You can borrow between three and five times your share of net profit and income from salaries or dividends. Lenders will consider the following to assess your affordability:

  • Retained profit in a limited company
  • Dividends from a limited company
  • Declared income on SA302 documents
  • Annual salary from self-employment

Some lenders will base their calculations on your most recently declared income. Other lenders will determine your affordability on an average of your past two or three years’ accounts or SA302s.

How can self-employed applicants improve their mortgage application?

Being self-employed can make your mortgage trickier. But you can improve your mortgage chances by taking the following steps:

Save for a bigger deposit

Larger deposits will unlock the best deals and give you access to more lenders. Lenders sometimes view self-employed applicants as high-risk, so having a big deposit can ease concerns.

A 10% or less deposit can leave you with fewer lenders to choose from, not to mention higher interest rates.

Speak to an accountant

Whether you already have an accountant or not, verifying your accounts and SA302s is worth doing. Some lenders require accountants to sign off on accounts as part of their criteria, making your application smoother.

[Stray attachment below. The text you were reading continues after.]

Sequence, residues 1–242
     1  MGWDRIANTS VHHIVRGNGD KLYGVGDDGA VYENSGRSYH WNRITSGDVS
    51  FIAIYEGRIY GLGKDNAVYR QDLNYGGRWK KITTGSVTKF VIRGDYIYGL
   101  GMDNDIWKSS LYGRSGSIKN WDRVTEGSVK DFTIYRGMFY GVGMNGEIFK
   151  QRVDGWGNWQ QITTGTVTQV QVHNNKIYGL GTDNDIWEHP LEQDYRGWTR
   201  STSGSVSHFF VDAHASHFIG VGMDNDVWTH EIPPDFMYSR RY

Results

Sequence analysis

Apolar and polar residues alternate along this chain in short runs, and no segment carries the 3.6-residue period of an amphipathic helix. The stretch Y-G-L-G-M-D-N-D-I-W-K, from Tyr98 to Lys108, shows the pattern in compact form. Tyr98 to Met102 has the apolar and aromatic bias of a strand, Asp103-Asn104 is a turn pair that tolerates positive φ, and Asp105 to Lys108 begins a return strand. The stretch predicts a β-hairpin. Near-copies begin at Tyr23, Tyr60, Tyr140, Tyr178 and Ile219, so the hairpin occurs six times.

You’ll also want to inform your accountant that you intend to apply for a mortgage. Showing a higher income can allow you to borrow more, while minimising your earnings will restrict the amount you can borrow.

Gather your documents

Download your SA302 documents for the last three years and ensure you’ve filed your latest accounts. Having these documents to hand will save you a lot of time and give you an idea of the amount you can apply for.

You’ll also need to present your bank statements, so try to minimise your spending for at least three months before applying.

Check your credit rating

Checking your credit history before applying for a mortgage is always a good idea. Doing so will give you a headstart on correcting any potential errors on your credit file. You can also improve your credit score, which can help your mortgage and unlock better deals.

Keep a consistent business model

Lenders like to see consistency, and any changes in your business model will cause issues. For instance, if you want to change from a sole trader to a limited company, it’s better to do so once your mortgage is approved.

Lenders will only accept income from your currently registered business. Even if it’s the same business with a different model, you’ll be assessed on your accounts from your current business. You’ll also need at least two years of consistent accounts under the same trading style.

Self-employed mortgage FAQs

Most lenders will view you as self-employed if you own more than 20% of a business from which you earn your primary income.

You’ll also need to register as a limited company, sole trader or contractor and submit accounts to the HMRC.

Self-employed applicants have access to the same mortgage rates as everybody else. There are no special rates for the employed or self-employed.

You may have to pay higher rates if you apply with a small deposit or have a bad credit rating. Lenders charge higher rates to compensate for the risk attached to the mortgage. However, this has nothing to do with your employment status.

It’s not hard to get a mortgage if you’re self-employed, but you must prove you have a sustainable and consistent income. Being self-employed can sometimes result in irregular income, making a mortgage challenging.